One on whom (or near whom) judgment has fallen
Then the scribes and Pharisees brought to Him a woman caught in adultery. And when they had set her in the midst, they said to Him, “Teacher, this woman was caught in adultery, in the very act. Now Moses, in the law, commanded us that such should be stoned. But what do You say?” This they said, testing Him, that they might have something of which to accuse Him. But Jesus stooped down and wrote on the ground with His finger, as though He did not hear. So when they continued asking Him, He raised Himself up and said to them, “He who is without sin among you, let him throw a stone at her first.” And again He stooped down and wrote on the ground. Then those who heard it, being convicted by their conscience, went out one by one, beginning with the oldest even to the last. And Jesus was left alone, and the woman standing in the midst. When Jesus had raised Himself up and saw no one but the woman, He said to her, “Woman, where are those accusers of yours? Has no one condemned you?” She said, “No one, Lord.” And Jesus said to her, “Neither do I condemn you; go and sin no more.” Then Jesus spoke to them again, saying, “I am the light of the world. He who follows Me shall not walk in darkness, but have the light of life” (John 8:3-12).
(Fourth of a Series)
Imagine the woman’s feelings as her accusers caught her red-handed. Stoning was the proper punishment for adultery. Not only does she face that fact, but before the judgment was to be carried out, a public spectacle was to be made of her. Only a very hardened individual would not cringe before all this. Judgment was about to fall.
Our Lord knew well the hypocrisy that drove the Pharisees to drag this ‘sinner’ before Him. A lesson must be taught them—and with that lesson comes the woman’s release.
Imagine the gloom gradually lifting from her as one by one her accusers went away, from the eldest on down. What relief! She knew well that she deserved judgment, but she was to have another chance. When she said, “No one, Lord,” it is hard not to see more in that word ‘Lord’ than mere respect for a good teacher!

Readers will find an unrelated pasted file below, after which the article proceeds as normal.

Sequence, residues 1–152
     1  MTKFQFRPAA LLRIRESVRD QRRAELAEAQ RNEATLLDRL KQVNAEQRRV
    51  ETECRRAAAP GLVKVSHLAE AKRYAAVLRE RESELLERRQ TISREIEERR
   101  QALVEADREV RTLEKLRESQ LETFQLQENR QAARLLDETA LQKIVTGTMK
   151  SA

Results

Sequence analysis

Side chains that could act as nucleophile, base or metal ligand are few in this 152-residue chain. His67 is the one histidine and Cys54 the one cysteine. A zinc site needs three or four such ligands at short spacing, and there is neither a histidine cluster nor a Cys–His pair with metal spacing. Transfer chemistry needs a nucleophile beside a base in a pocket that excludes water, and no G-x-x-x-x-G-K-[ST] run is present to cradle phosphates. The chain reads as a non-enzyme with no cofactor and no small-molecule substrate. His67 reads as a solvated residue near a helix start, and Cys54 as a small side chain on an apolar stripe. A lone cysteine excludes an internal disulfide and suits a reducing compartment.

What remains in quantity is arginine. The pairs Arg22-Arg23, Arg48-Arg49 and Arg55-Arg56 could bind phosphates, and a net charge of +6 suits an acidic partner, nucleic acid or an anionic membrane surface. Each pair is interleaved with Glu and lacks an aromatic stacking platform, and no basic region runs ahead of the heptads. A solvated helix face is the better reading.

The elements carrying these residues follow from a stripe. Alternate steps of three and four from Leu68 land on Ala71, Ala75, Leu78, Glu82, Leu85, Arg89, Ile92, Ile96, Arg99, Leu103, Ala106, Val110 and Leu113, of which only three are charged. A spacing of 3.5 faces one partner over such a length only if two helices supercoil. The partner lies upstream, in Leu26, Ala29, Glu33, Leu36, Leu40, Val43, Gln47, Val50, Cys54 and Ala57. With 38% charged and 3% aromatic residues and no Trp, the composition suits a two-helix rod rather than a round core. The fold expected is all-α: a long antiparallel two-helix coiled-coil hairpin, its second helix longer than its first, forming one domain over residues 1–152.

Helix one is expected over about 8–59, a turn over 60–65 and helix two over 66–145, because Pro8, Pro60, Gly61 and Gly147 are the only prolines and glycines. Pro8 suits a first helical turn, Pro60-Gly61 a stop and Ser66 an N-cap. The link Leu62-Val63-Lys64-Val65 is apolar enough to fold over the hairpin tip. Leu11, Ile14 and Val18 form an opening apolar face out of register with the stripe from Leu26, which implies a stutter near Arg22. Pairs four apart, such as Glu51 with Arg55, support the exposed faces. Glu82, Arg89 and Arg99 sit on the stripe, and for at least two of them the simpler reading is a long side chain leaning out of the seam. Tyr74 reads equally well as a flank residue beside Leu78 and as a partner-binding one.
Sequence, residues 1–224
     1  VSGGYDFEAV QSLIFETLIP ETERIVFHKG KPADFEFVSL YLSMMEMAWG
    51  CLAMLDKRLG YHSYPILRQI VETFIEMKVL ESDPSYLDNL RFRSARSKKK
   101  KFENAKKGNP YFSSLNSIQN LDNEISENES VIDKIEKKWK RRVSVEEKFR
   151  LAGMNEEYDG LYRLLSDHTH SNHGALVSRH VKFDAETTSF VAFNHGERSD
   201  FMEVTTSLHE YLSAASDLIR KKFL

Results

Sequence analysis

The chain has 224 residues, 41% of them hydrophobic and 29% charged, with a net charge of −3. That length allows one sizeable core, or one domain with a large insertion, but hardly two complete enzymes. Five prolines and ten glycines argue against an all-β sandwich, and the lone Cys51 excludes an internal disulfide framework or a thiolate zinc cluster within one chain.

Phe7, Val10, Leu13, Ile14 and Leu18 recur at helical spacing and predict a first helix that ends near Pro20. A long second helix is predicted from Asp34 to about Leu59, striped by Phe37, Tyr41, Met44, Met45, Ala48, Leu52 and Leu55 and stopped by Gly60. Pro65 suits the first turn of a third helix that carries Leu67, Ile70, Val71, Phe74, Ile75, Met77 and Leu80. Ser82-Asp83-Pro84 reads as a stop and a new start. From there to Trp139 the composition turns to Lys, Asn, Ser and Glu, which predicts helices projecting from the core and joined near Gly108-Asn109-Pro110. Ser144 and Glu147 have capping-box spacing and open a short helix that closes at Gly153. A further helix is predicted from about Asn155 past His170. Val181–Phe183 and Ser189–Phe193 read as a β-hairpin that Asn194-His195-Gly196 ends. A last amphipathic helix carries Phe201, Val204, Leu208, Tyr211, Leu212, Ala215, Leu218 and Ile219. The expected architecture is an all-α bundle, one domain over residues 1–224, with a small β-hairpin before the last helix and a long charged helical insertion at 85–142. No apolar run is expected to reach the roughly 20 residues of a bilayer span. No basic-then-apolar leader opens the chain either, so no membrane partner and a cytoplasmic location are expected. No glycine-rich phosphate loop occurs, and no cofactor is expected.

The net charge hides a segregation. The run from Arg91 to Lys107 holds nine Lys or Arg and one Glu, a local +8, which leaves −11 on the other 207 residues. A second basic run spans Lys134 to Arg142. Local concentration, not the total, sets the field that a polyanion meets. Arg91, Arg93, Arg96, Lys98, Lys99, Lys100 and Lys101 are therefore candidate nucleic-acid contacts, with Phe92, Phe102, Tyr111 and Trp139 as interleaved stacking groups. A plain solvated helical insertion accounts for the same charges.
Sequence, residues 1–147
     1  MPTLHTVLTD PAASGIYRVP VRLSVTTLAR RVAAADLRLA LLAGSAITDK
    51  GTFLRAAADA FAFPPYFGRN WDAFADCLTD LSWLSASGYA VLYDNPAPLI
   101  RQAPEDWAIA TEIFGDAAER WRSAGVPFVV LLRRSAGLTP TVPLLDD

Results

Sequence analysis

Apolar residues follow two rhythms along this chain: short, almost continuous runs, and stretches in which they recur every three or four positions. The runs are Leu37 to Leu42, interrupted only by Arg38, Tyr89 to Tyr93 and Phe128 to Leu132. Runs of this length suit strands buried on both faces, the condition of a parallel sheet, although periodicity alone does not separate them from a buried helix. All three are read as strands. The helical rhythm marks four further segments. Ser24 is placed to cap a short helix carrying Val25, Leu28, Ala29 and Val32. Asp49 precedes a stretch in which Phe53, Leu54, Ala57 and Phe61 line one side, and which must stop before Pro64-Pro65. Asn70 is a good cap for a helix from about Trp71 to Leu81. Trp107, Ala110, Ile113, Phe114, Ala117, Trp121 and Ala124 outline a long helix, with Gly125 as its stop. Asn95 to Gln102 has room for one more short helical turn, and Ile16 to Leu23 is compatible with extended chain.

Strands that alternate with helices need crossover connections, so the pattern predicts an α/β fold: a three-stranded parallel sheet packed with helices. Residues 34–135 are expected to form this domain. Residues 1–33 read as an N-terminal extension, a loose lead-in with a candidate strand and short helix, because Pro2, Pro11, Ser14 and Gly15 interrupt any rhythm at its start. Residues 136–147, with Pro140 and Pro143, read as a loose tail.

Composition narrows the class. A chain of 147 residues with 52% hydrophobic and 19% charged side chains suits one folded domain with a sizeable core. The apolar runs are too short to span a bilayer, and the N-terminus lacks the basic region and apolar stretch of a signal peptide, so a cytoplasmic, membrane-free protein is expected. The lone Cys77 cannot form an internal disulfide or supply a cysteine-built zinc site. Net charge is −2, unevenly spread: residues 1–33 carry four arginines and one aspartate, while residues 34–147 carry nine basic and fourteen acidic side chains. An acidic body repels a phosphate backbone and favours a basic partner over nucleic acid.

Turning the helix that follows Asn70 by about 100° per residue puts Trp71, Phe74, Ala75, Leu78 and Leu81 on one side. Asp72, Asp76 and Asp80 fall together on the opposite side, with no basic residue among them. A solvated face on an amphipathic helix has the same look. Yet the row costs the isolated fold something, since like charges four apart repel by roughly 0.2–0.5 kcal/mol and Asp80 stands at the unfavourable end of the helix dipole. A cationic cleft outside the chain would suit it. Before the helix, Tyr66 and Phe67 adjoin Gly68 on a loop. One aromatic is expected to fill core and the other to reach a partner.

Our Lord spoke the gospel good news, “Neither do I condemn you.” Then He reminded her of the obedience of faith, “Go, and do not sin again.” Our Lord, of course, could read hearts and knew her repentance. On our part, we are not privy to the feelings of another’s heart and must go by what a person does and says.
There is no question that a threatened judgment or disaster causes a person to reassess his life and doings. Years ago after a flood in a certain city, it was noted that church attendance was up considerably. People were shocked out of their sinful complacency. Reflecting on how people died and property was destroyed brought a change in people’s lives, and thus church attendance increased.
When we encounter people in such a case, we do not want to let them think they escaped because of their uprightness or innocence (remember, we are considering unbelievers). The woman was ’caught’ in adultery. She knew her guilt. So we want our prospect to grasp the fact of his or her unworthiness, and then point out the mercy of God that spares sinners. Our thrust is to proclaim the undeserved love and unmerited favor of our Lord. When the person knows his or her guilt under God’s law, we want to communicate what our Lord said, “I am the light of the world; he who follows Me will not walk in darkness, but will have the light of life.”
(Our next installment considers those “shocked” by a demonstration of love not in connection with a falling judgment.)